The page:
Swiss Wine Regions

Geneva

Mais Oui, Geneva

First joining the Swiss confederation in 1815, the canton of Geneva lies in the Rhône valley between Jura and the Alps. Almost surrounded by France, and one of the smallest cantons, it is one of Switzerland's most important wine regions. Geneva is Switzerland's 3rd largest Swiss wine region and accounts for about 10% of national production. Wine production has gone on uninterrupted here on Lake Geneva and around the city for almost 2,000 years.

Often going under the alias "Perlan", the Chasselas grape is the principal white wine grape of Geneva and it accounts for over half of the white wine production. However Geneva does well internationally with the more well known wine grapes: Chardonnay, Pinot gris, Pinot blanc, Riesling Silvaner (Müller Thurgau), Sauvignon blanc, Gewürztraminer, Scheurebe and Aligoté.

As for the red wine grapes in the Geneva wine region, Gamay does particularly well in this area resulting in a dense, fruity wine. In Geneva you will also find Cabernet sauvignon, Gamaret, Garanoir, Kerner, Merlot, Pinot noir and Syrah. It's worth mentioning that a recent flurry of top international awards for Swiss Syrah wines have focused attention on Switzerland.

Tags:

The Wine Grapes of Switzerland

Rèze

Rèze is an extremely rare white variety found only in Valais. Not often produced as a varietal, Rèze is blended with other Vieux Plants of Valais. Rèze was also used to make the historic “vin des glaciers”, an amber colored wine produced in Val d’Anniviers using the solera technique.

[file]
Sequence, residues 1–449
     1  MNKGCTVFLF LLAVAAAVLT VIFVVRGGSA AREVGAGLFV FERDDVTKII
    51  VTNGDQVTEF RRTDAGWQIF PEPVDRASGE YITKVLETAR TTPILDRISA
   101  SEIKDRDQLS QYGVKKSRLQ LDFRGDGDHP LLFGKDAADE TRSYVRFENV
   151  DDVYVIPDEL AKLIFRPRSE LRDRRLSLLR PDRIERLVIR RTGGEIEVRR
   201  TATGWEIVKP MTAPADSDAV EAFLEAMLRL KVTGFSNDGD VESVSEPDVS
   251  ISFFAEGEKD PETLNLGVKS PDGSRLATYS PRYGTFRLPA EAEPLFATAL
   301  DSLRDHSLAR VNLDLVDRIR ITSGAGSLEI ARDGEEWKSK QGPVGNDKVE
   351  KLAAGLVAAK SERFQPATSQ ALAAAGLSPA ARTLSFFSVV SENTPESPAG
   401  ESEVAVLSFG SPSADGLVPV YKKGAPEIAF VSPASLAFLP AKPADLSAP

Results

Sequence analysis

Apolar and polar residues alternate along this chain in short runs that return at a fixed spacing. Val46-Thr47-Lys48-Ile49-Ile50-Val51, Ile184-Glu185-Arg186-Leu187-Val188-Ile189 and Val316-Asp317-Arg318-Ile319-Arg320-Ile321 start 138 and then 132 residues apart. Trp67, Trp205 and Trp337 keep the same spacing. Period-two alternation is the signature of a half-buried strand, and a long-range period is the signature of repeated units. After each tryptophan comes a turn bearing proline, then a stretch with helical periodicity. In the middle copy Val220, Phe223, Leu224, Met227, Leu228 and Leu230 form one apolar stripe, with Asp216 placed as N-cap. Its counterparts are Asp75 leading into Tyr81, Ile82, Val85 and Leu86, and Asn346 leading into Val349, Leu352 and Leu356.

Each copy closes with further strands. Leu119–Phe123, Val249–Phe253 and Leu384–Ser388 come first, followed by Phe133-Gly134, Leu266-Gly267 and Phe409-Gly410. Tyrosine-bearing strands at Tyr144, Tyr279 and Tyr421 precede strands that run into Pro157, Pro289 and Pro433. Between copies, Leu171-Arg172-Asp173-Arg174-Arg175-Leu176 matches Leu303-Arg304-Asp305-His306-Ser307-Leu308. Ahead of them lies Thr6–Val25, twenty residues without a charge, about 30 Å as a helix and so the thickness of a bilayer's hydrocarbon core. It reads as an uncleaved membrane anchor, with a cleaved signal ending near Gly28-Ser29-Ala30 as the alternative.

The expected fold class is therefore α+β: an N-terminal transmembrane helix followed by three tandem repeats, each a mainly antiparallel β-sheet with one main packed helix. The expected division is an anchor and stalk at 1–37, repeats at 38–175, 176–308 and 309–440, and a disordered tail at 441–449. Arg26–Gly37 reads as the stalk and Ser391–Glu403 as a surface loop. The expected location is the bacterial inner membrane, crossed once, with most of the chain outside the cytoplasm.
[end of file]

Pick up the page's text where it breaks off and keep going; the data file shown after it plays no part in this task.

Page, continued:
No longer done today, one method in the past was to store Rèze in larch wood barrels, which gave the wine resinous flavor similar to the Greek Retsina, and masking some grape flavor.

Nobling

Nobling is a cross between Silvaner and Chassalas from Staatliches Weinbauinstitut at Freiburg. It’s being tested in Valais and can be found in retail.

Aligot

Originates from Burgundy and spread through France. Originally called “Plant du Rhin” when it was brought to Geneva in the early 1900’s, and is now something of a specialty in Geneva. It was also introduced into Valais as an alternative to Johannisberg, but it didn’t fare so well and today survives in only a few small areas in Unterwallis.

To eat, to drink and to be merry.

Ecclesiates

Swiss Alps, cows, wine bottle and large clock face in Bern, Switzerland

Fine Swiss Wine

Discover Switzerland’s odd grapes, small producers, and eclectic tastes